by Scott, staff writer of japan-guide.com
This journal is a log of my travels within Japan. Here you'll find my personal opinions on the places I've been and the things I've seen. Also expect to see the occasional review and editorial. Thanks for reading.
2014/04/02 - Cherry Blossom Report: Tokyo
Over the past few days, city after city across the county has reached full bloom, to the point that most of western Japan is now within the peak of the cherry blossom season. Likewise, the blossoms in Tokyo tend to coincide with their western counterparts and are also currently at their best. So today while Sean and Raina head off to report the from out west, I headed back down to Tokyo to see how the blossoms have been faring since we saw them reach full bloom this past Monday.
April 2, 2014 - full bloom
Asukayama is a beautiful hilltop park overlooking Oji Station a few stops north of Ueno on the Keihin Tohoku Line. The park has nearly 650 cherry trees planted around little hills and walkways between open spaces that are perfect for hanami parties. Asukayama is also a popular place for families to go since it is a little bit quieter and has a large playground with decommissioned trains to play around.
The cherry trees around Asukayama were at full bloom today and should continue to look nice over the next few days. Unfortunately, there are scattered showers forecast for this evening and over the next few days that concern me as the blossoms are progressed enough that they can be damaged if the rain gets too hard.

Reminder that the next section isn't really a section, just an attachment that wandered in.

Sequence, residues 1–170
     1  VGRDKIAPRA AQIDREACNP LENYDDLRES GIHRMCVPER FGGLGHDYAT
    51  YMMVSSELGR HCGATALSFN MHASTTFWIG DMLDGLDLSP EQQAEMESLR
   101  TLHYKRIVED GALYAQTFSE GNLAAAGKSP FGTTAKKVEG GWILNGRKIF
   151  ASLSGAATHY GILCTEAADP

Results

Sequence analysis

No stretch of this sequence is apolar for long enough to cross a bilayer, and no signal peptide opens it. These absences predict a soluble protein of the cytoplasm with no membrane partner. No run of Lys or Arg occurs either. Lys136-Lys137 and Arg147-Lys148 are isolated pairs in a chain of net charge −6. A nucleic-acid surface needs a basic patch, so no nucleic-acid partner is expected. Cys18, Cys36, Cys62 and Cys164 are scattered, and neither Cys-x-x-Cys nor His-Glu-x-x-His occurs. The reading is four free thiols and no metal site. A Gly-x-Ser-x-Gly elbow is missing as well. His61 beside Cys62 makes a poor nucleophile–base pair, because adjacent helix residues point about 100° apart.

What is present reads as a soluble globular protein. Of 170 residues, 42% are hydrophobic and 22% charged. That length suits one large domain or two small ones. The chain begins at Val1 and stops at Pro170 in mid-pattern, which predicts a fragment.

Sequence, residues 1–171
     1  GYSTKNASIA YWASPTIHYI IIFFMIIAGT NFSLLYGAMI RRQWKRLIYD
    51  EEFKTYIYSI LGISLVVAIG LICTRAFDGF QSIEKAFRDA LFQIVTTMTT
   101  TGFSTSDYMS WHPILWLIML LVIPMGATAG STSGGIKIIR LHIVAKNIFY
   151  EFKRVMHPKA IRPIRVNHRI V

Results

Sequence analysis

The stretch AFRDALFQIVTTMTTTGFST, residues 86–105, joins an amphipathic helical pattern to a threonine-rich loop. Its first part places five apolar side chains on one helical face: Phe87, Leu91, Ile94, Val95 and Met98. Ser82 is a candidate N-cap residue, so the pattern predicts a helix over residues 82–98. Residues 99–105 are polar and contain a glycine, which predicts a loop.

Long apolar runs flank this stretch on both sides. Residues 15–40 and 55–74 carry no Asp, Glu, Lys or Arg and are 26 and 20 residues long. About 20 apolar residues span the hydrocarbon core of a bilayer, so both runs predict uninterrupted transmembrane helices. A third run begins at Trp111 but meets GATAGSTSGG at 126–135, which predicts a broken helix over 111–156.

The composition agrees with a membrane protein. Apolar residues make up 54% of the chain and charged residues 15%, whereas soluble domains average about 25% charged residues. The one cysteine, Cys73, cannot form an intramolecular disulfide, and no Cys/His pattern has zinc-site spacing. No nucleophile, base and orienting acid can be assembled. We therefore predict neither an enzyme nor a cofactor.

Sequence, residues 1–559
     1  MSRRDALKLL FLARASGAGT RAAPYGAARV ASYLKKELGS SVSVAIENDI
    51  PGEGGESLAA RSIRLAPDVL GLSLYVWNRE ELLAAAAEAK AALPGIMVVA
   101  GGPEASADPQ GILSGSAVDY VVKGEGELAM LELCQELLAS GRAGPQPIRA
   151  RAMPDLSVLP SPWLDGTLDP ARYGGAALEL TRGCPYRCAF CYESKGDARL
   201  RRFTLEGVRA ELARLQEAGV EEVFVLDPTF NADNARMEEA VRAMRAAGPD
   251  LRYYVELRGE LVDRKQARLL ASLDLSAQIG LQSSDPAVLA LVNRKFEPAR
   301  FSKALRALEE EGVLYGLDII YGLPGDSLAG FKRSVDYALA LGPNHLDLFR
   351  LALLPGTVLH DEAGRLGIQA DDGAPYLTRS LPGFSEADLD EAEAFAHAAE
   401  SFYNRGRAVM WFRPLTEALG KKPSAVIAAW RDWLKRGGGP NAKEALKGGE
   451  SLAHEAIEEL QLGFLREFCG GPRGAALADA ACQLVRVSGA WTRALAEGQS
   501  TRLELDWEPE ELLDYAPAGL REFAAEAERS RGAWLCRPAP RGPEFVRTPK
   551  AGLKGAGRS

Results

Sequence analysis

April 2, 2014 - full bloom
My next stop today was to revisit Shinjuku Gyoen. The cherry trees had just opened when we made our last visit to the garden on March 26th. Today, the blossoms were in full swing and the park was incredibly lively with all the people out enjoying the good flowers and the good weather. Much like Asukayama, I would expect the dominant Somei Yoshino trees around Shinjuku Gyoen to remain nice for several more days as long as they are not too affected by the upcoming rain.
Shinjuku Gyoen also has several different varieties of later blooming cherry trees planted around the grounds which were just starting to bloom today. They should continue to improve over the coming week and give those who miss the main season a chance to see some blossoms.
Showa Kinen Koen
April 2, 2014 - approaching full bloom (50-80%)
My final stop today was to Showa Kinen Koen, a huge city park that was built to commemorate the 50th anniversary of the reign of Emperor Showa. The park is located on the former site of a military air field near Tachikawa Station (30 minutes, 450 yen one way) west of Shinjuku on the JR Chuo Line. The park is open from 9:30 to 17:00 (until 18:00 on weekends and national holidays) and charges a 410 yen admission fee. As the park is so huge, rental bicycles (410 yen for three hours) are available at most of the park entrances.
Showa Kinen Koen has nearly 1500 cherry trees planted around its gardens, sports fields, barbeque pits, boating pond, and walking and cycling paths. Most of them are found around the Sakura no En area near the center of the park where they tend to open a little bit later than those around central Tokyo. Indeed, today the cherry trees looked like they still a few days away from reaching full bloom, which should be good news for those who will be a little late for the main season in Tokyo. It also means that the blossoms will easily weather the upcoming rains and should make for a beautiful hanami spot this weekend.